and the presidential designations of so-called “unlawful enemy combatants.”

Through his Military Order, Bush granted himself 
extraordinary powers to identify al Qaeda members 
and those who harbor them, and to detain these 
people without review by the judicial or 
legislative branches of government. The 
subsequent Department of Defense Military 
Commissions Order No. 1 (“MCO”) was the “enabling 
law” that put the Military Order into effect. 
Finally, there came Bush’s “unlawful enemy 
combatant” (“UEC”) designations of United States 
citizens, designations not based on his Military 
Order but potentially triable under the MCO.

In addition to the lack of due process, the main 
theme of these laws is overarching executive 
power. In none of them are the incarcerations 
judicially imposed or based on proof of criminal 
activity that would be admissible in a court of 
law. In each, an official of the Executive Branch 
has near-complete unilateral authority to 
determine who is detained and for how long. Those 
held under Section 412 are subject to periodic 
review by the Attorney General and his 
determinations are appealable only to the United 
States Court of Appeals for the District of 
Columbia. Those subject to the Military Order may 
not appeal to any court of law, including 
international courts. The Administration claimed 
that those held under Bush’s unlawful enemy 
combatant designations had neither due process nor habeas corpus rights.

More than anything else, it is this theme of 
near-absolute, unreviewable executive authority 
that has the potential to bring Phoenix home to roost.

During the Vietnam War, the Phoenix 
Program  coordinated the paramilitary and 
intelligence components of some two-dozen 
counterinsurgency programs in an attempt to 
"neutralize" the “Vietcong infrastructure” 
(“VCI”). The euphemism "neutralize" meant to 
kill, capture, make to defect, or turn members of 
the “infrastructure” into double agents. The word 
"infrastructure" referred to civilian members of 
the “shadow government” that was managing the 
insurgency in South Vietnam. In other words, the Vietcong or VCI.

Members of the infrastructure were referred to as 
“national security offenders” no matter what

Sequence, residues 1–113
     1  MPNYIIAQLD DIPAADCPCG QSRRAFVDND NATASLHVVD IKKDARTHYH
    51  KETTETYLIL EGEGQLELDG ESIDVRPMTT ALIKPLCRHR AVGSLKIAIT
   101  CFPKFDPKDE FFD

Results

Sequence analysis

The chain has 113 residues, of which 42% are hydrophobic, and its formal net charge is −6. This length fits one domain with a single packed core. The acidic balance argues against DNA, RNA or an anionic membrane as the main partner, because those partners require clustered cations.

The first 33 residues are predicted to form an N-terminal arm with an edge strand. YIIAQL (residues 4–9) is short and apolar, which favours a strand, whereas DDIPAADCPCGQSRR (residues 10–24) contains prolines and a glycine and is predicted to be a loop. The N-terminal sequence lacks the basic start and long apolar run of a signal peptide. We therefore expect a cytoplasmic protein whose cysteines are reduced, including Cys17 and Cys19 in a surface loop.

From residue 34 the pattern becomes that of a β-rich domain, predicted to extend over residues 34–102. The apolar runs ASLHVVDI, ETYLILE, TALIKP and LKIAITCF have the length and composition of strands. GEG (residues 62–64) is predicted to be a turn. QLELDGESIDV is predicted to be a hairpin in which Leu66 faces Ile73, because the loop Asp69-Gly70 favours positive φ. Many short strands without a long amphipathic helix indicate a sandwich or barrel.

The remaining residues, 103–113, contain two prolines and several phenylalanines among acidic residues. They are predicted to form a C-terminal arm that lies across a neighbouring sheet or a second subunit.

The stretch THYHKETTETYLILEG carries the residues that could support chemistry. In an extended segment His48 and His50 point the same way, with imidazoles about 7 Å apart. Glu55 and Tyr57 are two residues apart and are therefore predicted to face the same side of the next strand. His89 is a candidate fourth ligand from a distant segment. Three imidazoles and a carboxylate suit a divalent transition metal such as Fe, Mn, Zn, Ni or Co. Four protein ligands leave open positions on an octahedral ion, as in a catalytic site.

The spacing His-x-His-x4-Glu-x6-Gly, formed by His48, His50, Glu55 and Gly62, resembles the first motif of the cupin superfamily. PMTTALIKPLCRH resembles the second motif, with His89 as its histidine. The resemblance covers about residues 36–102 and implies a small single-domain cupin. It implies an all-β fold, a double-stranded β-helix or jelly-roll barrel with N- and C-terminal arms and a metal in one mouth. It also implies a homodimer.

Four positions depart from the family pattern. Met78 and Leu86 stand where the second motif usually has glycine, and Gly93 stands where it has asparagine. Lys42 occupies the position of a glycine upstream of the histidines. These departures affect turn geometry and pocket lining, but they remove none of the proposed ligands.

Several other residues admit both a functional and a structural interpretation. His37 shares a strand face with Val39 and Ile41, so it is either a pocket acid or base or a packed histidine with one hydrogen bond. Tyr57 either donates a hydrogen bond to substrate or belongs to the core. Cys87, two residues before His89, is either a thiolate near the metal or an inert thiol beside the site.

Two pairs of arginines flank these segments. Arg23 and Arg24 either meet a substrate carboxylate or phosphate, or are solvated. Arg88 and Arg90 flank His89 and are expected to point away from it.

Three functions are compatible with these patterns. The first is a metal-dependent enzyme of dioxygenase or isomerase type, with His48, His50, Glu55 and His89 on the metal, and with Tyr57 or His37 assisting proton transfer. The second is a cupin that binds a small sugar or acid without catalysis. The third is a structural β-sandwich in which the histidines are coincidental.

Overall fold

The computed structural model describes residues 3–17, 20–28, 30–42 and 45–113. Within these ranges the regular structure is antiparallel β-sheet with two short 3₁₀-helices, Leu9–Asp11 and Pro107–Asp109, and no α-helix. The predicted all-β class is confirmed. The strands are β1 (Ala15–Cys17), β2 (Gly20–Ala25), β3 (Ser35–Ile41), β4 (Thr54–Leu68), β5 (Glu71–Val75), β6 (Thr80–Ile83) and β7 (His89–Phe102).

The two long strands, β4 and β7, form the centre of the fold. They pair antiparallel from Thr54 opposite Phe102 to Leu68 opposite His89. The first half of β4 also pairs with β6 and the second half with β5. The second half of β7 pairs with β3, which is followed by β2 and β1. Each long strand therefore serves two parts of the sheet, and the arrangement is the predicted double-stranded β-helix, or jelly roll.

their ideology; but if they were members of the 
Communist Party, they were also referred to as 
“Communist Criminals,” insofar as Communism had 
been outlawed and was a separate crime of status. 
Screening virtually everyone in South Vietnam, 
and then detaining and interrogating suspects, 
was the systematic way the CIA sought to identify members of the VCI.
While no extant copy of Emergency Decree 3/65 has 
been located, a later renewal of the law, issuing 
from the State Department’s Agency for 
International Development, “continues the 
emergency power of the Executive [of Vietnam] to 
temporarily detain people considered to 
constitute a danger to the National Security by 
publicizing or carrying out Communism in any 
form.” Temporarily meant two years, renewable “if 
the offender is considered still to constitute a danger.”

Screening, detaining, and interrogating suspects 
was also how the CIA produced informants, 
defectors, and double agents. Capture of VCI was 
the object. But VCI of “high value” (a Phoenix 
term recently exhumed by the CIA and used in the 
War on Terror and in Iraq), were usually 
accompanied by bodyguards, so midnight 
assassinations and ambushes of high value VCI was 
the most common form of exploitation of the 
intelligence gathered through informants, 
defectors, double agents, and interrogations.

Under the An Tri administrative detention 
emergency decree, due process was totally 
non-existent for suspected members of the VCI . 
People whose names appeared on Phoenix blacklists 
were subject to midnight arrest, kidnapping, 
torture, indefinite detention, or assassination, 
simply on the word of an anonymous informer. 
After capture and interrogation, if they were 
still alive, they were tried by “special courts” 
or military tribunals not unlike those proposed 
by Bush that were not staffed by legally trained 
judges. As one official document noted: “In the 
Special Courts which act in terms of special 
laws, criminal procedures are reduced to a strict 
minimum.” There was “no preliminary investigation 
although the offense is of a criminal nature” and 
no appeal. The judges could not “pronounce 
extenuating circumstances, suspend action, nor 
punishment under the set minimum.” As a result, 
“the principle of individualization of punishment 
cannot apply, which is in flagrant contradiction 
with the concept of justice and responsibility.”

Legally unobstructed by the concepts of justice 
and legal responsibility, the CIA was the hidden